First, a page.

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Fox’s Eric Bolling And Lansing, MI Mayor Go At It With Dueling Union Salary Stats

In the first half of the week subsequent to Glenn Beck‘s big goodbye announcement off, Judge Andrew Napolitano brought a lighter version of his libertarian FBN show Freedom Watch to the hour. For those wondering what the other possible flavor of 5PM could be, Follow the Money host Eric Bolling gave us a taste today with a fiery debate against Lansing, MI mayor Virg Bernero replete with Google references and accusations of supporting Chinese-style economics.

For those that have yet been exposed to Bolling on Fox Business or his Saturday morning economics programs, he’s not one to back down from a loud debate, and often prefers the more traditional cable news model of people with dramatically different political views digging deeply at each other (as opposed to the more recently-developed approach of guests with similar views reinforcing each other’s points calmly). Mayor Bernero, a union supporter who appeared to have little use for Wall Street or major government economic intrusion against labor, apparently was not afraid of sticking sharply to his points, either. Bernero, beginning the discussion highlighting the importance of collective bargaining rights, argued that the union right to collective bargaining was critical for the health of the Michigan economy. Bolling’s retort to that argument was, essentially, to ask what health of the Michigan economy? “Government workers have four times the benefits and almost double the salary” of their counterparts, Bolling argued, a claim that Bernero described as “not true at all” and, in fact, “when you compare apples to apples, it is indeed the same.”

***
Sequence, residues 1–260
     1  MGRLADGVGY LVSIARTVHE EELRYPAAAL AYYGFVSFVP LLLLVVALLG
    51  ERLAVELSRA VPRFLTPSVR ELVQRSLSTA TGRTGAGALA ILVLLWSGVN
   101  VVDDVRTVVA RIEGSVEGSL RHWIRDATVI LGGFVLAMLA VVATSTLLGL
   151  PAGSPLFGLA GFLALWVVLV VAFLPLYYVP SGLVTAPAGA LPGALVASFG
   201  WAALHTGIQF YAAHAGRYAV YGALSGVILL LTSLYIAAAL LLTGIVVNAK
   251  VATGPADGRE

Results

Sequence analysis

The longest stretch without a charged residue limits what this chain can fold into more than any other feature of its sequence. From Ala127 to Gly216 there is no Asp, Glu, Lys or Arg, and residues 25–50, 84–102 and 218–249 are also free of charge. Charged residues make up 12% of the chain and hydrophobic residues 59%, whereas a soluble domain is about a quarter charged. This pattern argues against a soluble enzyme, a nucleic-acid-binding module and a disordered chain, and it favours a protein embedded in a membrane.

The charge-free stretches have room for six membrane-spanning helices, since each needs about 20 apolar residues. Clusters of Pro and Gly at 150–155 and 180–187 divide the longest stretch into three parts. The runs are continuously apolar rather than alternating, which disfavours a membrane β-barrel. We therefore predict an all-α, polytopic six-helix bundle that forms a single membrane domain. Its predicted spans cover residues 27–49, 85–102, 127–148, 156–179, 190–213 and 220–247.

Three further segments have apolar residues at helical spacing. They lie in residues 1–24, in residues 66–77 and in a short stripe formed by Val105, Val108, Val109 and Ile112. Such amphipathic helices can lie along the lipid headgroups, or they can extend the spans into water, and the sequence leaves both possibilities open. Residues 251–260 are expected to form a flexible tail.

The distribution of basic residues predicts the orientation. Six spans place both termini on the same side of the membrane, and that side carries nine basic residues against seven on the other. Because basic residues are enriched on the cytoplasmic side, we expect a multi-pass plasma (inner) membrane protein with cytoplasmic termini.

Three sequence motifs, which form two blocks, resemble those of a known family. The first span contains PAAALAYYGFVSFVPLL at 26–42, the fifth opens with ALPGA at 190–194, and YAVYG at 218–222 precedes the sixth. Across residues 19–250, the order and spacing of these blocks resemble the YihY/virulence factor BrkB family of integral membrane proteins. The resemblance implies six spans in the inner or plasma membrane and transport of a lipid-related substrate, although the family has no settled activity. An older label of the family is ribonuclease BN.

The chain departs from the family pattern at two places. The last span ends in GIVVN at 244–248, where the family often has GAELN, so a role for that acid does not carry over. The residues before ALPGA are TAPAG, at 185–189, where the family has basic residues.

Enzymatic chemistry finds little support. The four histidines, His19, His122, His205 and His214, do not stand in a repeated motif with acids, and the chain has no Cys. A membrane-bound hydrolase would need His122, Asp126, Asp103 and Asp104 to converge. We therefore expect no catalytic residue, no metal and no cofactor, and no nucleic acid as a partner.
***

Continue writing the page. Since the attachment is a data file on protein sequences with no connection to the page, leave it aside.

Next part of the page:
“You’re misleading the public,” Bolling snapped back, repeating his prior numbers, which eventually got Bernero to abandon that line of attack and instead point out that “Lansing is struggling… because of the manufacturing that your buddies sent overseas.” Large corporations, Bernero claimed, “went overseas because they could make more money and because they lacked patriotism.” He then challenged Bolling to “Google” the claim that “when unions were at their strongest in the ’50s and ’60s, everyone else was doing better.” Bolling responded with a simple question: “are there unions in China?”

Ultimately the debate returned to the statistic that federal workers make almost twice as much as their analogs in the private sector, with both sides claiming the other’s statistic was false. It’s quite the lively debate, and gets to the core of the conservative problem with the union issue to begin with– the government competing as if it were a private corporation itself for the same pool of employees as proper businesses.



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